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News & Views - Feb, 1995 Issue #32 

APPROPRIATE SCREENING FOR HOSPITAL-BASED RESIDENTIAL TREATMENT CENTERS
by: Elaine Bruce
CPC INTERMOUNTAIN HOSPITAL
Boise, Idaho
208-377-8400

As an established medical model residential treatment center, we receive calls of interest for possible admission into our distinct program for adolescents. The initial call is the beginning of a comprehensive clinical screening process designed to appropriately assess the adolescent's effectual need for a locked residential treatment program vs. Other options the family will need to thoughtfully consider before any decisions are made. 

The alternatives to placement must be first explored and exhausted. Criteria being evaluated are behavioral, medical and/or psychiatric problems, history of previous treatment, including all outpatient and hospital stays, therapeutic group homes, schools and any other past approaches that have been tried for the adolescent. If the adolescent has not yet tried therapy on an outpatient basis and can still be managed successfully within his home or school, this disposition must be explored if there are signs that psychiatric symptomatology are evident. If the information we receive from the family or other referral source indicates moderate behavioral problems and all psychiatric criteria has been ruled out, our residential program would not be the correct course of placement in such a case. A better alternative often may be a referral to a qualified family therapist, placement to a well-structured school, or merely a parenting class for the parents. Thorough and conscientious qualification is crucial to the needs and future of the adolescent and is also indicative of the professionalism and ethical philosophy of any of the several adolescent programs now available throughout the U.S. and abroad. 

If the adolescent truly needs medically based residential treatment, a typical hypothetical profile would include: a DSM-IV diagnosis indicating moderate to severe mental disorder, stabilization on a pharmacologic regime, all acute symptomatology also stabilized (actively suicidal behavior would not be appropriate), a demonstrated need for continuous skilled psychiatric observation, supervision, structure, high dose medication or therapeutic milieu, recent IQ testing of 75 or above, and behavioral problems which severely impact social, familial, occupational or educational functioning.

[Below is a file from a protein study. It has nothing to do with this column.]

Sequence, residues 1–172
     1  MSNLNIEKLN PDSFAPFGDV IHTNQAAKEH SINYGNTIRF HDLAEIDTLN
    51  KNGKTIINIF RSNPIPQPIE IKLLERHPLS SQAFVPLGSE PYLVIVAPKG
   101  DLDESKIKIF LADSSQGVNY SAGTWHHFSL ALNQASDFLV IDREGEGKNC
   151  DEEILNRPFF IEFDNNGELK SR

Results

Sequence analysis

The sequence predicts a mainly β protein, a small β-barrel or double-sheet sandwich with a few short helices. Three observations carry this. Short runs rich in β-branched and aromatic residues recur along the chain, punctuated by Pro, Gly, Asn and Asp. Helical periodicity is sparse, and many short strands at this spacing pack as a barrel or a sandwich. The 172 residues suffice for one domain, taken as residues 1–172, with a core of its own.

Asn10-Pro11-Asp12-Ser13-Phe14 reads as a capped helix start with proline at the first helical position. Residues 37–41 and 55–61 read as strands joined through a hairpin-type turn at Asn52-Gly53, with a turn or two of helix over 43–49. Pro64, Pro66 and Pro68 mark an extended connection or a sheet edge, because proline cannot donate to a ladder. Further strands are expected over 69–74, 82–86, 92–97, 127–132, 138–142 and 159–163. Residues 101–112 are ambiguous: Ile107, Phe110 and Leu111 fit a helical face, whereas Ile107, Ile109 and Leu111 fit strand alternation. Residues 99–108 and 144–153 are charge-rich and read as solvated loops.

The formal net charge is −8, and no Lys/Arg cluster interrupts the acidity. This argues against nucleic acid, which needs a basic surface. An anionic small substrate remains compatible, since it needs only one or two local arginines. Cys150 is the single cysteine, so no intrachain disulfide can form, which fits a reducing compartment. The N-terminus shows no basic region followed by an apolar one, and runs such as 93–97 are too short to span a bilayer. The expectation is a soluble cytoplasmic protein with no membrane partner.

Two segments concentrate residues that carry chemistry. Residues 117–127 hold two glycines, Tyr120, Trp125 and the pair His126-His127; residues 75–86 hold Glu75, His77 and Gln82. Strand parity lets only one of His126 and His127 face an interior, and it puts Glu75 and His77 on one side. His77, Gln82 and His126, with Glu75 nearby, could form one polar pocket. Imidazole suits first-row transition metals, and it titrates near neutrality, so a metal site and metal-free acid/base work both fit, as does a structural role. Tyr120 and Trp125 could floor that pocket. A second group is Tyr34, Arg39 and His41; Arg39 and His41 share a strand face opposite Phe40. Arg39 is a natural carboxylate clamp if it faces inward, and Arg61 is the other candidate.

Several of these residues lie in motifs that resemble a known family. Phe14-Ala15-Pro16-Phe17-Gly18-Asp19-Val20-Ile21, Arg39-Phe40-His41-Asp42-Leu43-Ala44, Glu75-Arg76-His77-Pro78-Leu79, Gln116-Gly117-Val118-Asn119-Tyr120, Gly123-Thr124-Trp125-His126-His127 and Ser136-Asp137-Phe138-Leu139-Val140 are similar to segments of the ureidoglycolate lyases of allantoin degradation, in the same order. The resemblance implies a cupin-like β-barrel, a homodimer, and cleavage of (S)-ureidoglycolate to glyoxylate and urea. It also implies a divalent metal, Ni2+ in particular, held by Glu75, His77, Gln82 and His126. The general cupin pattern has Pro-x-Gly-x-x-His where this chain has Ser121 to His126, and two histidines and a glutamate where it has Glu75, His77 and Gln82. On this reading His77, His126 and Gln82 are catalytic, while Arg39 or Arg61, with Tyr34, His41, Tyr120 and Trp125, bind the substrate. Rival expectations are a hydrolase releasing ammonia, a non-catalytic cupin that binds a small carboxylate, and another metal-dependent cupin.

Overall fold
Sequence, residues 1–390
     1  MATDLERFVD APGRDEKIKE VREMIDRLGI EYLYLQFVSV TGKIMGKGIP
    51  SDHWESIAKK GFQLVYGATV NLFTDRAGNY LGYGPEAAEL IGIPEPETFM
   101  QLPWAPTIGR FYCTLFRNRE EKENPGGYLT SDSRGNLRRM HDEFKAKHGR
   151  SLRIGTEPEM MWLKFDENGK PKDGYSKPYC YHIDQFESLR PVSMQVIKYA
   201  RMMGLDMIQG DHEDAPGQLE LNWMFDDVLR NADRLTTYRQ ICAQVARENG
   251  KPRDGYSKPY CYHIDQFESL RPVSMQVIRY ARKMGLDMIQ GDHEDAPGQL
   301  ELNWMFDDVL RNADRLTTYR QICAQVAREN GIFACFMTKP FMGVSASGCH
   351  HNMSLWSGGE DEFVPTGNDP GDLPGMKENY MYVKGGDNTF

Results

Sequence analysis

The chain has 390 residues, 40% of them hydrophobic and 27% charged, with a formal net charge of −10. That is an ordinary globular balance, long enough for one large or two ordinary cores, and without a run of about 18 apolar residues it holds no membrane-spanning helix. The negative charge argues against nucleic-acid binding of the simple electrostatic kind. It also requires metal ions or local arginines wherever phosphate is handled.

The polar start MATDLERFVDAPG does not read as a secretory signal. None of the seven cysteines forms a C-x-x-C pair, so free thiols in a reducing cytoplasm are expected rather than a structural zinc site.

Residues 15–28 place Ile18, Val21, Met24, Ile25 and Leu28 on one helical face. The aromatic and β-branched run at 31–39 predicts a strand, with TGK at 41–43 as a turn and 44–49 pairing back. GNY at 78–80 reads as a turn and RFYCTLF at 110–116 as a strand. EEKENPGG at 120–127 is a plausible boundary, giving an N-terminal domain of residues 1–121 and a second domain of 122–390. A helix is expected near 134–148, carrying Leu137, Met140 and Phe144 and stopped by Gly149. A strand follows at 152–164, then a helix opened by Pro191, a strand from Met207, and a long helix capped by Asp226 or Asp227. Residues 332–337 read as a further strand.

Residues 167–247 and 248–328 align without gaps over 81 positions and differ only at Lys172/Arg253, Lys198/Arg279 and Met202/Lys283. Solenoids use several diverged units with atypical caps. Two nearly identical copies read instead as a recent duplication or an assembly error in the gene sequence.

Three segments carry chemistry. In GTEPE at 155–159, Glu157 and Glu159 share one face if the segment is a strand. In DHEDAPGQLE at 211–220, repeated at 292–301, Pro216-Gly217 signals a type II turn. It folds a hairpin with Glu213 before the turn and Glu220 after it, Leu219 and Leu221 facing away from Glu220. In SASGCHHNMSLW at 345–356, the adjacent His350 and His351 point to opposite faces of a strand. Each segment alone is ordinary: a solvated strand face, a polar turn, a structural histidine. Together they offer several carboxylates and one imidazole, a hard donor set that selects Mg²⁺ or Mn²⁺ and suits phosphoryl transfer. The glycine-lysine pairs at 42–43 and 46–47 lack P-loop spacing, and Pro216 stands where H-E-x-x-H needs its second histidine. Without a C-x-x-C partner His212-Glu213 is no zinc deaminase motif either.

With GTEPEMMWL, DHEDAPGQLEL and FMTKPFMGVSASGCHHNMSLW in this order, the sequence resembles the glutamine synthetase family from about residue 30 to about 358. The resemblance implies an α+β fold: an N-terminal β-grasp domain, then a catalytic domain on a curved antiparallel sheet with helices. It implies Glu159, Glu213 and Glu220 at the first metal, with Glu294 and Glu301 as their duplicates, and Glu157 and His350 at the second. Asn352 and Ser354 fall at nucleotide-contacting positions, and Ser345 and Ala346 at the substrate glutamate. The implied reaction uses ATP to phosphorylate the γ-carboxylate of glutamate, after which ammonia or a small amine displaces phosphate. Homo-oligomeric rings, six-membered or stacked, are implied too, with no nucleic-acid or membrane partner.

Other criteria for admission must still be considered before the residential treatment team accepts the adolescent. The impact upon the whole milieu of patients in the program must also be a factor of the acceptance. Any history of sexual perpetration and other symptoms such as fire setting need to be examined and in the recentness and severity of each incident. Differentials need to be established between a continuum of sexual experimentation considered still within normal boundaries to that of a well-established pattern of aggressive sexual assaultive behavior. Careful examination of fire starting is also clarified as is the difference between early age experimentation and signs of certain arsonist conduct. The extreme behaviors of perpetration and fire setting need a specialized treatment and must have the long-term programs designed for behavior modification in a secure setting. Acceptance of either of the two behaviors in a positive peer program with many victims of abuse is not conducive for either the adolescent needing treatment and the other adolescents in the program. 

Family involvement is essential due to the severity of the problems that the adolescent is exhibiting. Teleconference family therapy sessions are mandatory for families coming from out-of-state and are surprisingly effective, though long- distance. Every effort is made by the treatment team to facilitate this process. In closing, the key to success from this type of selective screening is that the family is very clear on what the expectations of the treatment plan are, and the likelihood for good outcomes become high at the onset. 

Copyright 1995, Woodbury Reports, Inc. (This article may be reproduced without prior approval if the copyright notice and proper publication and author attribution accompanies the copy.)

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